The concept is not profound, but I know I don’t know any youth in my congregation that intimately. But his next point struck me even more. Someone responded cynically that, with soccer and baseball and other Sunday sports activities, their youth were rarely around. His response was to recount his own testimony about attending his grandchildren’s t-ball games. He said that, when each child went up to bat, every grown-up there, from her parents, to her coaches, to the other players’ parents, to the parents of the other teams’ kids, called out her name, shouting encouragement and voicing their support for her success. “Perhaps,” he said, “if Church were more like that, it would make a difference.”

I thought about this story as I read President Veazey’s address to the Community of Christ Finance Board regarding the latest woeful budget numbers. What strikes me as concerning is the overarching paradigm of leadership that current mission and work is above reproach such that the status quo is not only important to maintain, but the lack of response by the members is solely a result of their lack of awareness of how good this mission is or a lack of personal responsibility for the success of this mission.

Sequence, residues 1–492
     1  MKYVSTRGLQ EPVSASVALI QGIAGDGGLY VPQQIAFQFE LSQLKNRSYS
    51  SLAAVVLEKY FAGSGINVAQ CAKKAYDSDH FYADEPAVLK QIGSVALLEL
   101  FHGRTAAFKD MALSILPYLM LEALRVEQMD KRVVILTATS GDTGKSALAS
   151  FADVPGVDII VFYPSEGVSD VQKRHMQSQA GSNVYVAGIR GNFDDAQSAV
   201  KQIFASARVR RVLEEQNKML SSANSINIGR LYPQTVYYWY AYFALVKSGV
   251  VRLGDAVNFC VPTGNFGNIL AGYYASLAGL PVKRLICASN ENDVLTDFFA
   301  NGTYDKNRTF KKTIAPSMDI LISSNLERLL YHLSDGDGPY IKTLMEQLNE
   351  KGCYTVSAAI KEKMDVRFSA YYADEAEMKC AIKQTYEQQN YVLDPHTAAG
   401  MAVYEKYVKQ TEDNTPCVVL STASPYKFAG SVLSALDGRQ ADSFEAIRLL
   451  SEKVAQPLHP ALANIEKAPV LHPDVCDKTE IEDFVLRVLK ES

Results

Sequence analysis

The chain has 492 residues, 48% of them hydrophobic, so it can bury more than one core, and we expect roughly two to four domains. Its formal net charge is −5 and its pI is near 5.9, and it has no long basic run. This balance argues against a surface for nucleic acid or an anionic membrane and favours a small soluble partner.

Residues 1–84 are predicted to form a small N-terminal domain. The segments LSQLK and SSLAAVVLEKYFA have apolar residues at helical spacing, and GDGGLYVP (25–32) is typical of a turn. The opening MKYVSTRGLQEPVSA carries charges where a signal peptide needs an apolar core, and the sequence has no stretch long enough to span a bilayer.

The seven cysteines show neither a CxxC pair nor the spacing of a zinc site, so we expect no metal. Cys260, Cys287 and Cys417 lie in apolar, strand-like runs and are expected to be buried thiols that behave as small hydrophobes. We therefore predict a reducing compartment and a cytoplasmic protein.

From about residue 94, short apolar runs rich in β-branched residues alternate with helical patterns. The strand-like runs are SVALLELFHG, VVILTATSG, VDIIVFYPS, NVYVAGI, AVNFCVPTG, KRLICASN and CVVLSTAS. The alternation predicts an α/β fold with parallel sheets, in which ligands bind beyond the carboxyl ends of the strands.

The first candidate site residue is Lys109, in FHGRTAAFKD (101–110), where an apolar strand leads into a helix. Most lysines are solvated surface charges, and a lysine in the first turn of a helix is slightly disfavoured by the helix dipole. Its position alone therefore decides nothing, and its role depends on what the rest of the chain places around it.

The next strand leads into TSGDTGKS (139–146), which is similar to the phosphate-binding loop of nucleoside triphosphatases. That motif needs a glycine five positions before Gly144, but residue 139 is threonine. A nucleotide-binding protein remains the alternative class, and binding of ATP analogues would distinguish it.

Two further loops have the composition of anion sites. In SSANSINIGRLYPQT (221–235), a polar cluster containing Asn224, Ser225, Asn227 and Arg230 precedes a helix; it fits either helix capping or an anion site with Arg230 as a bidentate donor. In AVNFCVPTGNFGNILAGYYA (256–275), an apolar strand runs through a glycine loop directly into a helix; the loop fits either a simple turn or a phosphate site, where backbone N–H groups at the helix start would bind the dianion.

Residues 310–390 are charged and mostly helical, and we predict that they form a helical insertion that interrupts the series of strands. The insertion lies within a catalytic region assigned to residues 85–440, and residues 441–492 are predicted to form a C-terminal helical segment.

The response of Church leadership to fiscal troubles appears to be almost entirely uni-directional. Diminished funds are a result of a failure in response of the membership and needs to be addressed by an increased response.

I desperately want to believe our people will respond to the vision and case for giving that we will be presenting to them.

I am going to trust the Spirit to bless the church and turn our members’ hearts to increased generosity in support of our worldwide mission.

I also will talk to people who are deeply devoted to this work who need some extra “inspiration” for increasing their generosity to reflect their full capacity.

To the extent World Church or leadership should be engaged, it is for the purpose of helping individuals better respond.